Is there a way for my clients to submit usernames/passwords to my vaults?

edited August 2017 in Business and Teams

Hi there, we are on Teams and have many clients we work with who need to provide us their various login details. Our clients find it difficult to create a 1P guest account. There is additional friction as I need to "confirm" each new guest, confusing the clients further. when they are greeted to an empty account.

It would be ideal if there was a secure way that clients could submit/enter their details securely into a vault without the need to learn a new interface, such as a simple 3-field form or similar. I understand there might be security implications, but is there any solution to this problem?

1Password Version: Latest
Extension Version: Latest
OS Version: Mac
Sync Type: Teams


  • brentybrenty

    Team Member

    @henkisdabro: It's definitely something we'd all like a solution to. The problem is that what you see as the "friction" of adding and confirming a team member is the process which creates and exchanges encryption keys, similar to public key cryptography, so that data can be exchanged securely. The alternative, unfortunately, is PGP or similar, and generating and exchanging encryption keys manually. Without end-to-end encryption, exchanging data will not be secure; yet without exchanging keys, the data will be secure but unreadable to the other party. We do go to a lot of trouble to not only hide this complexity from users, but also streamline the process. But we cannot streamline away the key exchange, since without it we're all either sending data insecurely or sending secure data that's useless to the recipient. There just isn't a way around that. We do, however, want to make onboarding easier — perhaps by allowing admins to designate vaults for new, unconfirmed users upfront, so there's less of a "nothing to see here" shock when the user is confirmed. If we can do that, would that help? Be sure to let us know if you have any other suggestions! :)

  • That onboarding improvement would really help. Preselecting vaults for new users.

    However, we have many clients that are 'unsavvy', and the whole ordeal of haveing them creating user accounts really is a deal breaker, which in return results with clients sending all their passwords over email instead. So in the big picture, a "semi-secure" submission system is actually better than the consequence of not having one at all.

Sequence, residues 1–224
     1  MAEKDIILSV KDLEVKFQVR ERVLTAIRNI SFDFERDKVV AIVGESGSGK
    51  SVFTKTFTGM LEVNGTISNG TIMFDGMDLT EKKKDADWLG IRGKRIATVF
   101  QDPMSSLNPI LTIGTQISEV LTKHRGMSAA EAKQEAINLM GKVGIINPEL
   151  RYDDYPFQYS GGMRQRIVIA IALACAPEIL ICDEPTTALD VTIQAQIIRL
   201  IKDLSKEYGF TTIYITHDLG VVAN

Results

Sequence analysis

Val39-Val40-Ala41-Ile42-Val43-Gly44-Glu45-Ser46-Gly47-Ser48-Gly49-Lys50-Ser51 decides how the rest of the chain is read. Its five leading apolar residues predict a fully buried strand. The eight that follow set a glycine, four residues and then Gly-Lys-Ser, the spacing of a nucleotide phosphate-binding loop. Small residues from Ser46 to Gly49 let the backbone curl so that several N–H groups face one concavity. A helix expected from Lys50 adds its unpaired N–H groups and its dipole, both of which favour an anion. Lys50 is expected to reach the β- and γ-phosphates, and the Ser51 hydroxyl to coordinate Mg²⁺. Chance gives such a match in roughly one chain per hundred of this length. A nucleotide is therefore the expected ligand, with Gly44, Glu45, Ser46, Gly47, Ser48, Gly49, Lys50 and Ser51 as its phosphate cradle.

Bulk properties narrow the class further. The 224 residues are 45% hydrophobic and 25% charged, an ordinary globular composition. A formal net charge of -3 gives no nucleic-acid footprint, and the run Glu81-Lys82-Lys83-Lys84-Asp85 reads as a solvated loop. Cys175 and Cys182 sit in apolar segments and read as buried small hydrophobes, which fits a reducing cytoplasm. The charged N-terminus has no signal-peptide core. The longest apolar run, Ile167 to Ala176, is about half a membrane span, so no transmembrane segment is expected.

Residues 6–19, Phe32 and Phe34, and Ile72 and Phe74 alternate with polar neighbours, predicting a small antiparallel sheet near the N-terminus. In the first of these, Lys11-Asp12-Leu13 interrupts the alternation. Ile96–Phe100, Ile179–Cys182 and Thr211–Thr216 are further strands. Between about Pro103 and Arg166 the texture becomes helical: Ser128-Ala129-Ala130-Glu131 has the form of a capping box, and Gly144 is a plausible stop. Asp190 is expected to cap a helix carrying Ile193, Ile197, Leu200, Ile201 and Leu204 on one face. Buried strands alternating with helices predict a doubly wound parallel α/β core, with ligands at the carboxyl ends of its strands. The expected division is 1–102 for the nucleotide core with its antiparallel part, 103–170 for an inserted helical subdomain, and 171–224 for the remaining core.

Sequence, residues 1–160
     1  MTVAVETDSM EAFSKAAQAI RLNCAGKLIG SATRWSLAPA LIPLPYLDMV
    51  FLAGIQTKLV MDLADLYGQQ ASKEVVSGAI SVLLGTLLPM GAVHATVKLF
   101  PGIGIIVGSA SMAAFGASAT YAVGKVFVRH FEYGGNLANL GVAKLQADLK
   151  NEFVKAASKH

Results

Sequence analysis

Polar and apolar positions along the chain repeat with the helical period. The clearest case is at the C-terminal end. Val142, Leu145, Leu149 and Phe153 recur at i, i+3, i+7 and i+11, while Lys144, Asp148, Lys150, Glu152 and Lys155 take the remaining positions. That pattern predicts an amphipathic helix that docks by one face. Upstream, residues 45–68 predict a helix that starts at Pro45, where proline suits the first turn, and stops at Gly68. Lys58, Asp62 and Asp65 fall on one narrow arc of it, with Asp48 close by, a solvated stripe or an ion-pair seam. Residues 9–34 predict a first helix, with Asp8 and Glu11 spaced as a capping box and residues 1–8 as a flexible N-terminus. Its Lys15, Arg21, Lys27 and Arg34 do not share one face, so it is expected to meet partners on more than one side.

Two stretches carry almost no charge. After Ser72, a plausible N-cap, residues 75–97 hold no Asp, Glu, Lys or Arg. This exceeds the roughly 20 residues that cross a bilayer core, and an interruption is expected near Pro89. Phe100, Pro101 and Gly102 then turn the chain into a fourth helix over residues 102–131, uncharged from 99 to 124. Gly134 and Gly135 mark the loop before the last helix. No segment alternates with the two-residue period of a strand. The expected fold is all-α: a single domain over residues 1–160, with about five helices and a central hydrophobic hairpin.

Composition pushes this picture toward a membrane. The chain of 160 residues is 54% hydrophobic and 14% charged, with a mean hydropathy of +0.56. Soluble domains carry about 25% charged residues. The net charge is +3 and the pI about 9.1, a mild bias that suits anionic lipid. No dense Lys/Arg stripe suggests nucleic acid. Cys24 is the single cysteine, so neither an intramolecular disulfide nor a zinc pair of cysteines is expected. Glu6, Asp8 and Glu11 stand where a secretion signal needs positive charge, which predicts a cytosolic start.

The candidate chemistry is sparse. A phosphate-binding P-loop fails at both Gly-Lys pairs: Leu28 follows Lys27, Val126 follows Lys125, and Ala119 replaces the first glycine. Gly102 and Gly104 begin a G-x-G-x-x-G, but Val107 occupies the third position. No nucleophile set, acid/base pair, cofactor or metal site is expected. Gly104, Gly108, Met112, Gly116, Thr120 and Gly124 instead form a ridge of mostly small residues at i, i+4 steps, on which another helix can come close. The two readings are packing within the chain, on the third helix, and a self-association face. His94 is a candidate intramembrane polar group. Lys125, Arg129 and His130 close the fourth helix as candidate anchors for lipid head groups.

• BenBen AWS Team

    Team Member

    Thanks for the feedback. We appreciate you taking the time to share your use case with us.

    Given how security oriented we are as a company, and 1Password is as a service, I'm not sure adding a "semi-secure" way to add credentials to a vault is something we'd be in a position to do. We can certainly take it into consideration for the future. I understand your position that they're going to act insecurely anyway (e.x. emailing passwords), and so this would be "better than nothing." I think the ultimate answer here is to make the process of being secure as painless as possible, instead of watering down security.

    Hopefully at a minimum we can implement the onboarding improvements discussed to make this less troublesome.


  • Though I am operating without some details regarding the key exchange process for Teams, I'm not sure the feature is completely untenable. An encrypted guest upload feature would rely on the guest generating a data encryption key, e.g., in a browser implementing appropriate cryptographic functionality, and encrypting this under the public key of the registered user. New entries would be submitted to the registered user's vault along with an encrypted (though not signed) key. This is a one-way workflow, i.e., the unauthenticated guest would not be able to access anything but a secure upload form.

    If you want something a bit more secure, I think there's room to create a "soft" registration process for guests. What I mean by this is that you don't require them to take additional action to create an account once they access the invitation link. Present them the option to complete the process by setting a master password in order to obtain read-write access to the shared vault. Otherwise, allow them to access in "guest mode" and upload new credentials using a basic password-less authentication workflow.

    If done correctly, I think this workflow could simplify guest sharing a good bit without necessarily watering security. And for this use case, I'd call this a net gain.

  • brentybrenty

    Team Member

    Definitely some things to consider. Thanks for the feedback! :)

  • No problem! Thanks for taking the time to read through these posts.

  • brentybrenty

    Team Member

    Likewise, thanks for sharing your thoughts on this! It's certainly something that would be useful to some folks. :chuffed:

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